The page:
this circuit doesn't work in LTSpice without a capacitor from source to ground but in real life the sinewave looks better without one.

here are images of the waveform at the lowest and highest frequencies it is getting:
2.8MHz: http://i.imgur.com/y0m0i.jpg
7.5MHz: http://i.imgur.com/e4UI2.jpg

just for fun i tried putting both of my home-made coils in the circuit. this bumped up the frequency range to ~5MHz to ~13MHz.

so here are my questions:

1. what can i do to clean up the waveform? at lower frequencies the bottom of the wave is slightly flattened and at higher frequencies the top and bottom of the wave have lumps.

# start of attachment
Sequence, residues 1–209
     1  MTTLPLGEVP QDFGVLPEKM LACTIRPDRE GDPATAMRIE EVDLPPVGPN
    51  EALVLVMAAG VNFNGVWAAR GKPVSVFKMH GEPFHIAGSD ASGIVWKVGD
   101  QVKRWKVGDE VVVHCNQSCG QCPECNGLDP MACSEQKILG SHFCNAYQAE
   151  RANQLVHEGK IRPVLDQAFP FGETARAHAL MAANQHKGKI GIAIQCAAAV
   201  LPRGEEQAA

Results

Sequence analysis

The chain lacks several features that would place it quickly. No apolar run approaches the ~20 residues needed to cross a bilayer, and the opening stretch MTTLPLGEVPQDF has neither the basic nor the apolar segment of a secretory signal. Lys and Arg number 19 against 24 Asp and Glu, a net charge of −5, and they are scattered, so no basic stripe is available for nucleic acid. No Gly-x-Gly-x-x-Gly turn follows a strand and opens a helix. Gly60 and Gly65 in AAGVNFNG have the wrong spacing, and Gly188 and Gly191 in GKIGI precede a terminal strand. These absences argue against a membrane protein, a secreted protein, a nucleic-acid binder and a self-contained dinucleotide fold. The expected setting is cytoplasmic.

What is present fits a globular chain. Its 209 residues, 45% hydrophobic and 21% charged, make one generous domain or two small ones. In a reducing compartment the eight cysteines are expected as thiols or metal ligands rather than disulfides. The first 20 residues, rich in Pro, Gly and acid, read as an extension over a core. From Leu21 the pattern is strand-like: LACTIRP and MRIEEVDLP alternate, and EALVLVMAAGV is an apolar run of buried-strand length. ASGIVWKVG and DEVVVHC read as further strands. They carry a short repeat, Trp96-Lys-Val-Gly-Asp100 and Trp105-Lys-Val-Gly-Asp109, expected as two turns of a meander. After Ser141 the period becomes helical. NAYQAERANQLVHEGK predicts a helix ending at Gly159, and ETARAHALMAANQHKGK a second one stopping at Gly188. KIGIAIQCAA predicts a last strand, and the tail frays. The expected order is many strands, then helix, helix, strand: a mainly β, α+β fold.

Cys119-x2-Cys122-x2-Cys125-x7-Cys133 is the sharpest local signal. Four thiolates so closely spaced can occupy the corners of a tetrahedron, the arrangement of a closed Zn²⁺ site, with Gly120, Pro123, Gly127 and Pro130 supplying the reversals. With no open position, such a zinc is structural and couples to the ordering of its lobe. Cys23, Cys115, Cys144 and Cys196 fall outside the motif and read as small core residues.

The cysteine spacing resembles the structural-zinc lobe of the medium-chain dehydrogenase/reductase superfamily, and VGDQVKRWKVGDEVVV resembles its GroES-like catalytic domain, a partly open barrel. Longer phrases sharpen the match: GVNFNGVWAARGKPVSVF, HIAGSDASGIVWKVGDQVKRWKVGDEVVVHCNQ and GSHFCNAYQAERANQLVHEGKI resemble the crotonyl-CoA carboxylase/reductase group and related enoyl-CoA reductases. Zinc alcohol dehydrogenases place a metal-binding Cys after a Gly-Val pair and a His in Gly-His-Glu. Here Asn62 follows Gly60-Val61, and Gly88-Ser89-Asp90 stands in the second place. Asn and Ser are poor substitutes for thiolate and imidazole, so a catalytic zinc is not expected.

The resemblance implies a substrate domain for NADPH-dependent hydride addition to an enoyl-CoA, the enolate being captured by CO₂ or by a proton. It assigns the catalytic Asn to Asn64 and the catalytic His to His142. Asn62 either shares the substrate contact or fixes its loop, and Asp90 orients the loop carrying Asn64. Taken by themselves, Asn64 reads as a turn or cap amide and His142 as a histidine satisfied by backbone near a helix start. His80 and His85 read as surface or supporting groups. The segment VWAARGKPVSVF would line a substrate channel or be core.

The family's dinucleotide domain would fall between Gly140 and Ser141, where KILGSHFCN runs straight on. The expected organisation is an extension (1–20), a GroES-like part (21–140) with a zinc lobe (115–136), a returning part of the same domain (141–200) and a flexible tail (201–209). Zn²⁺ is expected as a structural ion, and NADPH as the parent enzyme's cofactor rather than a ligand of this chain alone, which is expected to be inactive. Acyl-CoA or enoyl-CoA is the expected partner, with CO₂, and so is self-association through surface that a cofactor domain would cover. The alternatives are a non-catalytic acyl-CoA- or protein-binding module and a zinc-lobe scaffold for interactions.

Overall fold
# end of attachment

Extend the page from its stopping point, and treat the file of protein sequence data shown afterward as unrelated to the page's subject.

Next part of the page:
2. how should i tweak the tank circuit so that adjusting the tuning capacitor gives me a more fine grained control over one specific band?

3. on a related note, it seems that the higher the inductance of the tank circuit the lower the frequency range. is this correct? if so, is it possible to have a tank circuit with one inductor in it that is adjustable between all the hf ham bands or do i need different coils for each band?
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w3jn
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« Reply #23 on: August 24, 2011, 11:25:47 PM »

Answers to your questions:

1.  Filter the output with a lowpass or bandpass filter.  If your waveform is distorted you're most likely overdriving the transistor.  Reduce the feedback and/or coupling from the tank to the transistor.